Houston high school student interns with researchers

Terrence Parker shows the soil he works with as a part
of the George Washington Carver Internship Program.

As a young boy, Terence Parker wanted to be a scientist. This summer, while still in high school, he’s doing just that.

Parker, a senior at Eisenhower High School in Houston, Texas, is one of 14 students participating in the George Washington Carver Internship Program in the College of Agriculture and Life Sciences at Iowa State University.

Parker is working with Amy Kaleita, associate professor in agricultural and biosystems engineering, and graduate student Giorgi Chighladze. They are testing dielectric soil sensor probes to see how effective they are in detecting properties of soil-water solution, particularly nitrate levels.

“This could be most beneficial to the environment by giving farmers an idea of how much fertilizer they should use so there isn’t an excess on the field,” Parker said. “The goal is to detect nitrate levels in the soil water in real-time.”

The research involves testing of probes for their sensitivity to nitrate in soil water. Sensors are inserted in a medium (soil, water, or a mixture of both). The sensors measure its dielectric response -which means its ability to insulate- at different concentration of nitrate ions and send the data to a computer.

“By measuring dielectric properties at different frequencies in the same medium, they can potentially provide information on nitrate concentration and soil moisture content,” Kaleita said.

Parker is also going to work at defining an optimum frequency at which the effect of soil water nitrate concentration on dielectric response of the probe will be most prominent.

“I’ve always been interested in new technology. I like the idea that it can have an impact on the world,” said Parker. “My research is directly with nitrates, but overall, this technology can help use precision agriculture to get information in real-time sent to a computer.”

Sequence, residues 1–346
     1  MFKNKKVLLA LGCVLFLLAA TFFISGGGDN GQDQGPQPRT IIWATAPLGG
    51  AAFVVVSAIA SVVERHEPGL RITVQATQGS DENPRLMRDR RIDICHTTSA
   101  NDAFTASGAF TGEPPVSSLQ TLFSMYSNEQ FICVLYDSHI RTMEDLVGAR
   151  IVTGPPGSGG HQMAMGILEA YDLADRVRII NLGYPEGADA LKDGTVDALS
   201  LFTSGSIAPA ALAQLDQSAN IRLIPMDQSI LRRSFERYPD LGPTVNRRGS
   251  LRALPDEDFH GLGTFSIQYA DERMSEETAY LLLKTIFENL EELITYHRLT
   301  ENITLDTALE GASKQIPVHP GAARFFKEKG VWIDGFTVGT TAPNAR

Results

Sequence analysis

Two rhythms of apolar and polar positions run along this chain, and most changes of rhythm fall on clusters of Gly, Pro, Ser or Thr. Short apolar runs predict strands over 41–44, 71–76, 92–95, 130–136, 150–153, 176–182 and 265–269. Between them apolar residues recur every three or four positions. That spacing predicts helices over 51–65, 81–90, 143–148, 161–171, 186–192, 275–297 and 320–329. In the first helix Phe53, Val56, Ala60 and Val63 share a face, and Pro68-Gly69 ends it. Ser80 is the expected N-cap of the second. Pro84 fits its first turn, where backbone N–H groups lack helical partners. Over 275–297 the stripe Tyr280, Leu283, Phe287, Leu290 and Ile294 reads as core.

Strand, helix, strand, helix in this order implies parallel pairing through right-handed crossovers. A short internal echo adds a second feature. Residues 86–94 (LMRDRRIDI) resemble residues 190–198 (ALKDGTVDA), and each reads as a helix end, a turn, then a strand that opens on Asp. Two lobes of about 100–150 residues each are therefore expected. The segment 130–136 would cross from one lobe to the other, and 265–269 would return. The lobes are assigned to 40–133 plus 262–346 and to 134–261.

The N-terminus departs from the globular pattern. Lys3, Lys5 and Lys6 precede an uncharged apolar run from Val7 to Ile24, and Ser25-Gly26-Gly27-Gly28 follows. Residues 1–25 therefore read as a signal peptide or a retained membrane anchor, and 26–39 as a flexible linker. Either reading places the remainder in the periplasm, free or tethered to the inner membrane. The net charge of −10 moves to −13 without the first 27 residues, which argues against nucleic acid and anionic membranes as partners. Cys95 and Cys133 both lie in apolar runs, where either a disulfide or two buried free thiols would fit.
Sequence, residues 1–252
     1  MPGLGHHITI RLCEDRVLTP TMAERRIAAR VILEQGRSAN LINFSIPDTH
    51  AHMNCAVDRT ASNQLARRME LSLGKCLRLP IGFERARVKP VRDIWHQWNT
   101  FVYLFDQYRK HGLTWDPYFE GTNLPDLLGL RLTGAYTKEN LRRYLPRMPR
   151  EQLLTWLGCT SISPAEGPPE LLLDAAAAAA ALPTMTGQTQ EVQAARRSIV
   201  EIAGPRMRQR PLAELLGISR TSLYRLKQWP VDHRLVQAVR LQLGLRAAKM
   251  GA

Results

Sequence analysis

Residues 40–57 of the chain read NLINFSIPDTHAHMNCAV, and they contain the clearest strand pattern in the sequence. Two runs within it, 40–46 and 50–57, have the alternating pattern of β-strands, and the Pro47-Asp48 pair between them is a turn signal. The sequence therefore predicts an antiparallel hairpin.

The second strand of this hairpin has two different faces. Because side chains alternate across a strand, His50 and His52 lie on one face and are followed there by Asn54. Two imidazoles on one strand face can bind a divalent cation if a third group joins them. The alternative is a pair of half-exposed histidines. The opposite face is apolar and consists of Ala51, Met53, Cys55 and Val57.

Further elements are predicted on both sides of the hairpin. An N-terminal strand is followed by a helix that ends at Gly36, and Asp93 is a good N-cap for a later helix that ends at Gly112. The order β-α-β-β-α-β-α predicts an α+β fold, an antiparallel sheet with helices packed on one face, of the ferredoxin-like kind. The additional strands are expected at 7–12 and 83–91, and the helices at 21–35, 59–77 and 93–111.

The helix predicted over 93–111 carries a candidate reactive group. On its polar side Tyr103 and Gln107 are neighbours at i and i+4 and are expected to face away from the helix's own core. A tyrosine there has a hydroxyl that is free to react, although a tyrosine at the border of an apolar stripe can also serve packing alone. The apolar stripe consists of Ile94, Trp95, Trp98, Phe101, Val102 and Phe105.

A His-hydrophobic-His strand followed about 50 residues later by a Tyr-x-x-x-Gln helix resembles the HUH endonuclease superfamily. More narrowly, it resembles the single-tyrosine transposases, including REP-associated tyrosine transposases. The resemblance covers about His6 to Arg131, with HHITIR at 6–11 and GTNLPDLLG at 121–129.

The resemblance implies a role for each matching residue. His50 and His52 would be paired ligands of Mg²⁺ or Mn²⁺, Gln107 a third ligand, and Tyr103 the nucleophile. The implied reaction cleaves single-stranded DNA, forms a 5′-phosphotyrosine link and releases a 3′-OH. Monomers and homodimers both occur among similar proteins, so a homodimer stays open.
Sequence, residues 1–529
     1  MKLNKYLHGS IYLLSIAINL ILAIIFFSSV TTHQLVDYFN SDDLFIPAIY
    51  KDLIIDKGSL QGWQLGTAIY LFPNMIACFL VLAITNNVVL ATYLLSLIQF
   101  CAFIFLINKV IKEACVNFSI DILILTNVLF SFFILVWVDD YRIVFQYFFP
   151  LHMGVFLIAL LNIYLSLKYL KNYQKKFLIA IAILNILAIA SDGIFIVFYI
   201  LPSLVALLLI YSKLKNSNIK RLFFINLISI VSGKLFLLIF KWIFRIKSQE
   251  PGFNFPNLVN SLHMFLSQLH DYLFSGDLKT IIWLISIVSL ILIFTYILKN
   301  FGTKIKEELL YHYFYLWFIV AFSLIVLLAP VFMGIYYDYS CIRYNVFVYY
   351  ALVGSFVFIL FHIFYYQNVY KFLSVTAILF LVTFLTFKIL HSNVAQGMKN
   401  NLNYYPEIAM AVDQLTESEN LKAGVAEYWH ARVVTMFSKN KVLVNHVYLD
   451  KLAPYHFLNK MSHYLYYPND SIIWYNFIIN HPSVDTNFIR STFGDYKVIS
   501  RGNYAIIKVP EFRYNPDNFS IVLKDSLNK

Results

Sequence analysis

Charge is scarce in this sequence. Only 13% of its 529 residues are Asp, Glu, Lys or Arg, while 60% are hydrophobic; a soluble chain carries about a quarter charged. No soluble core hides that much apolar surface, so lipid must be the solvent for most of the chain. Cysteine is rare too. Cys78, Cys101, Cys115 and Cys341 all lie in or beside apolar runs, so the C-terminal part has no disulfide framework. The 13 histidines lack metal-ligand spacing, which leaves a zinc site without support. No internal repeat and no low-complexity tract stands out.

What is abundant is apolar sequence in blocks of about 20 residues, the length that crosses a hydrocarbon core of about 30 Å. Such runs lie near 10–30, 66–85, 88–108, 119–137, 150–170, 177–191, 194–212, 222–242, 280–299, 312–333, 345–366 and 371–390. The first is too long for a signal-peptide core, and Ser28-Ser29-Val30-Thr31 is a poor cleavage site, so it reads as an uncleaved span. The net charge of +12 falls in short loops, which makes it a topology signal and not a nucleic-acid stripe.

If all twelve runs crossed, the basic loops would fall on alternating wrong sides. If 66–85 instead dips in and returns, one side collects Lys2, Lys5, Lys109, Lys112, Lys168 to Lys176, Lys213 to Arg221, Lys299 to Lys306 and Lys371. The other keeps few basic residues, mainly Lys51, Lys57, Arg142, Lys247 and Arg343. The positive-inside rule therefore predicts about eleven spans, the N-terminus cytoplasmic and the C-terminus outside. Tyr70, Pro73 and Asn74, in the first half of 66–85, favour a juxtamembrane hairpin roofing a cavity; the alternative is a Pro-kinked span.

Parker decided to apply for the Carver Internship Program when his agriculture teacher, a member of Minorities in Agriculture Natural Resources and Related Sciences (MANRRS), mentioned the opportunity. Parker’s interest in agriculture also includes the sheep and goats he helps raise at his high school.

“I became interested in agriculture during my freshman year of high school. An FFA adviser was my first period teacher and he convinced me to join,” Parker said. “I loved the people and the animals and decided agriculture was the right environment for me.”

Parker said he’s enjoying his six weeks at Iowa State. “The best thing so far is that all of the people have been really nice. I’ve been lost on campus a couple of times and people always helped direct me the right way. One guy even walked me to where I needed to go,” he said.

“I like the people, it’s a beautiful campus and a great program for agriculture. I’d recommend this program for anyone trying to get into the field,” said Parker.

The George Washington Carver Internship Program is for undergraduate and high school students who will enhance diversity at Iowa State University and are interested in research in agriculture-related fields. Interns conduct research and participate in various events and seminars. The program, funded by the College of Agriculture and Life Sciences and other sources, has been successful in bringing in more than 300 students to Iowa State over the past 16 years. For more information, visit: http://www.ag.iastate.edu/diversity/gwc.